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The Real Psychological Benefits Of Wearing A Suit

When I was a kid, I hated wearing a suit or dressing up in anything fancier than a pair of jeans. I didn’t even like it when I was a teenager. I always found fancy clothes like dress shirts and dress slacks to be uncomfortable. I couldn’t for the life of me find a dress shirt that didn’t itch terribly. As a result, there’s a significant portion of my life during which I rarely dressed up in a professional manner.

That eventually changed after college. To some extent, it had to change. I needed to get a job to pay off my student loan debts. There was no way I could sell enough sexy novels that quickly. At the same time, it changed because my mentality about suits and professional attire changed.

Specifically, I felt a real, psychological impact whenever I put on a suit and it a noticeably good way. The way I felt when I wore a suit was not the same as when I wore jeans and a T-shirt. I also conducted myself differently. I was more social, confident, and focused. In essence, I was a lot more professional.

Now, I knew what it meant to be professional. That’s something both my parents instilled in me at a young age. However, it wasn’t until I started wearing a suit and going into professional environments that I really appreciated it. At first, I didn’t attribute that attitude entirely to wearing a suit. Over the years, I’ve noticed that the mere act of wearing a suit has an effect on me.

It didn’t happen all at once, but I certainly felt it. One moment that really stood out happened just a few months after I graduated college. I was looking for a job and I was set to visit a job fair. To prepare, my parents purchased a $250 suit for me, complete with tailoring. It was, by far, the most expensive attire I ever wore.

At the time, I didn’t think it made much difference. In hindsight, it might have been the best $250 my parents ever spent on me. I vividly remember the day I put that suit on and left for the job fair. Before I walked out the door, I met up with my younger brother. I asked him how I looked and I appeared employable. He gave me this big grin that still makes me smile to this day.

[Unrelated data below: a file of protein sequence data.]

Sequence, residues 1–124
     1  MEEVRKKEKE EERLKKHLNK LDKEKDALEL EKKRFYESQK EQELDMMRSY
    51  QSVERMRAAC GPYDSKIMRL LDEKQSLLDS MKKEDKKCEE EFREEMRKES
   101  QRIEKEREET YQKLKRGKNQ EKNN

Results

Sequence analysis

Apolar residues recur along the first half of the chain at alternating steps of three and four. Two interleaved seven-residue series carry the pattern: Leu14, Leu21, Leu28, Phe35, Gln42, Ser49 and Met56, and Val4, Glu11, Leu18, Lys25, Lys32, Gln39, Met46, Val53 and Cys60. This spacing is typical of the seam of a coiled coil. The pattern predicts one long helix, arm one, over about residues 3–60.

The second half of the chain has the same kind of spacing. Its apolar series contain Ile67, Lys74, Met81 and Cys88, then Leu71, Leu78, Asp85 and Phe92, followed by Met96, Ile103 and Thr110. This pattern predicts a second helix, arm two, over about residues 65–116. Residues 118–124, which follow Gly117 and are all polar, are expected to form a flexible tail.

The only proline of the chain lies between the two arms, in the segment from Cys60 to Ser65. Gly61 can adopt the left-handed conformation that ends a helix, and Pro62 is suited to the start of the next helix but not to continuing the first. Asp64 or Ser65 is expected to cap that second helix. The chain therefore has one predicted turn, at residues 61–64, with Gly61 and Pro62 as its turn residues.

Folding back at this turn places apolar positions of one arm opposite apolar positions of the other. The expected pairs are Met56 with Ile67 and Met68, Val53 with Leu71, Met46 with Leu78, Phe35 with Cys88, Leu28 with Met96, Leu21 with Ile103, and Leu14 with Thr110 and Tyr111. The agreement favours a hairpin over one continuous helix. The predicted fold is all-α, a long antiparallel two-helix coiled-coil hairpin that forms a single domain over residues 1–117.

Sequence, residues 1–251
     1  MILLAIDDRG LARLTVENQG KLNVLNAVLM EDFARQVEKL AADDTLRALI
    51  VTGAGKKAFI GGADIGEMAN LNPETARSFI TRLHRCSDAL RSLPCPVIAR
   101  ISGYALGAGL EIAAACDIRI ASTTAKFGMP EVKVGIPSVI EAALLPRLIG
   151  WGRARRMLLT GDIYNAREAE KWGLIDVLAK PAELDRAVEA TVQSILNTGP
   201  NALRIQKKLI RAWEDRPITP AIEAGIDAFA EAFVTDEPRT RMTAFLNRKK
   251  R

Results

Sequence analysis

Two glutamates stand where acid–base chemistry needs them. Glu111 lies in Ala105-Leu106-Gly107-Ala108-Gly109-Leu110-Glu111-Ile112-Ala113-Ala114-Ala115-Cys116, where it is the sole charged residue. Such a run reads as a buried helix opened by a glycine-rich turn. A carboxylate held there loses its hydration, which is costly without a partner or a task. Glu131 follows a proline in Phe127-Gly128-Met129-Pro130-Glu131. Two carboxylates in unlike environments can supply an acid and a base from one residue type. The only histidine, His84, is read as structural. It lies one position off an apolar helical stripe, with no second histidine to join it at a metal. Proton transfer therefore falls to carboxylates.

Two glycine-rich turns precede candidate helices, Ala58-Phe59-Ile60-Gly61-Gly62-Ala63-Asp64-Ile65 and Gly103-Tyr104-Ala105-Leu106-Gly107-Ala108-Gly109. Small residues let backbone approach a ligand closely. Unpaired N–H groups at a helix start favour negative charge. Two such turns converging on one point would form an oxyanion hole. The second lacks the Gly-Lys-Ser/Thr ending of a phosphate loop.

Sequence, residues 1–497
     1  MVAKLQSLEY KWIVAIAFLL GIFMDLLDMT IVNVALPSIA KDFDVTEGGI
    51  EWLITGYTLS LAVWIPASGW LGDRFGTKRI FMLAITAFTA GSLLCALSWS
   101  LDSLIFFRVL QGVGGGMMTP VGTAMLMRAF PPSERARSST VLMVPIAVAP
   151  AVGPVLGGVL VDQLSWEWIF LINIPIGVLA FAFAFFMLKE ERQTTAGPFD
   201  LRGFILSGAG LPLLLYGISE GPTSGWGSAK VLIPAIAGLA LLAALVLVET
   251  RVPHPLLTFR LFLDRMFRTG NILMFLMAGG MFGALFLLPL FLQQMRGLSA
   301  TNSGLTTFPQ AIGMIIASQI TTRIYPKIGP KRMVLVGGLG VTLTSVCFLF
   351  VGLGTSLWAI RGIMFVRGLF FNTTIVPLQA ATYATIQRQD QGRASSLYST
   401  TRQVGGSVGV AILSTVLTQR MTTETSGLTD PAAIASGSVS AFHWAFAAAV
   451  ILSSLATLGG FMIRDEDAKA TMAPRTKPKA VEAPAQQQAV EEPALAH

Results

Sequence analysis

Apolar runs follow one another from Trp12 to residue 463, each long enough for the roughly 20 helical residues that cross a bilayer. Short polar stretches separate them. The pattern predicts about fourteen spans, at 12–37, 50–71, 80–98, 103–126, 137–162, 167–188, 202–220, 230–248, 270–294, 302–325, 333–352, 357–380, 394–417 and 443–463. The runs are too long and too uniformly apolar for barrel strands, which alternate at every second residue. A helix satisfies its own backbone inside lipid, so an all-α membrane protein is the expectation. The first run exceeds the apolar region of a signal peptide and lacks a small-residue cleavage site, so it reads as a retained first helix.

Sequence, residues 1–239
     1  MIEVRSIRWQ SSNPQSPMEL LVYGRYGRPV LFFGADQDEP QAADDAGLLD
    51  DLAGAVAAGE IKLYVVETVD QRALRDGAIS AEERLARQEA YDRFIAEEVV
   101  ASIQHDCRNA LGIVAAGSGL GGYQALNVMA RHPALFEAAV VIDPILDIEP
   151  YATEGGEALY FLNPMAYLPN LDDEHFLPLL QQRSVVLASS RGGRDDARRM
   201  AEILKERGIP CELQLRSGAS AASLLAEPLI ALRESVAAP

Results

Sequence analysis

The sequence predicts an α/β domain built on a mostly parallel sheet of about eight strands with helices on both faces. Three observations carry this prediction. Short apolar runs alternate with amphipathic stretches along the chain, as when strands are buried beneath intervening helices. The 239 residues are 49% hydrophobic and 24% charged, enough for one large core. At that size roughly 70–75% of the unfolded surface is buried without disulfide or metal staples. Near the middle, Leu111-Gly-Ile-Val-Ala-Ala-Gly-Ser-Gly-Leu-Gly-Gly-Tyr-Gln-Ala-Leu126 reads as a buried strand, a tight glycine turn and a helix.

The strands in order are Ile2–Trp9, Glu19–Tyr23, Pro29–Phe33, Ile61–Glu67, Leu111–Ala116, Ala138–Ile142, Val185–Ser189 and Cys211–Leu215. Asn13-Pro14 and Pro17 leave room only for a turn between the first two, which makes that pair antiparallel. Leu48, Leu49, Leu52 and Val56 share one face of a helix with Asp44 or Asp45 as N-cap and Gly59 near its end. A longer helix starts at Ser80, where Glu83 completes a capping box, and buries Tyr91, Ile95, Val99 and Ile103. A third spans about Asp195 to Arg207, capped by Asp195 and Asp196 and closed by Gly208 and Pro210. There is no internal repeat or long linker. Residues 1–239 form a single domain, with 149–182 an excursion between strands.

I left feeling more confident than nervous, which was a huge shift at the time for me. I went to that job fair and I can safely say the suit made a huge difference. People came up to me, giving me their business cards and asking about me. I didn’t bring much, other than several copies of my resume. I ended up having to make more because I gave so many of them out.

The way people acted around me was remarkable. In my mind, I was still a college guy. To that point, that’s how everyone treated me. When I had that suit on, though, I wasn’t just some inexperienced kid. I was an aspiring professional on the lookout for new opportunities. Even if it was purely superficial, it gave me the confidence to conduct myself in a professional manner.

That effect continued, long after I got a job. I’ve worked in places that had casual dress codes, including one that allowed people to wear jeans and T-shirts every day. I’ve also worked in places that require a suit and tie every day, even on “casual” Friday. While the places with casual dress codes were usually more laid back, the professional attire seemed to keep everyone focused.

I can safely say that I feel more productive when I’m wearing a suit. My mind is more focused. I have more energy that I’m able to channel into whatever it is I’m doing. Even if the quality work is the same, the efficiency with which I do it is greater. On top of that, I look really good in a suit. That’s always a plus.

That’s another unexpected benefit. Outside a work environment, wearing a suit just makes you look better. As a man, I feel more attractive when I wear one of my suits. Women do take notice, too. I once wore a suit to a strip club. The women definitely treated me differently than other times when I just dressed causal. I won’t go into detail, but let’s just say those details mattered.

I understand that not everyone likes wearing a suit. Some people don’t even experience any of the benefits that I just described. I get that. Everyone is wired differently. For me, and many other men, there’s a real psychological benefit to wearing a nice suit. It’s something that I’ve come to appreciate. It’s a part of my overall sense of style.

I may not know much about fashion. I just know that I look better, feel better, and conduct myself better in so many facets when I’m wearing a suit. To all the young men out there who despise fancy clothes, like I once did, I encourage you to give it a chance. You might be surprised by how a nice suit can impact you.

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Michael Jordan, Intensity, And Championships (With References To Glengarry Glen Ross)

There has been an ongoing, and at times insufferable, debate in the world of basketball. Who is the greatest of all time? ESPN recently released their ranking. The top five are as follows: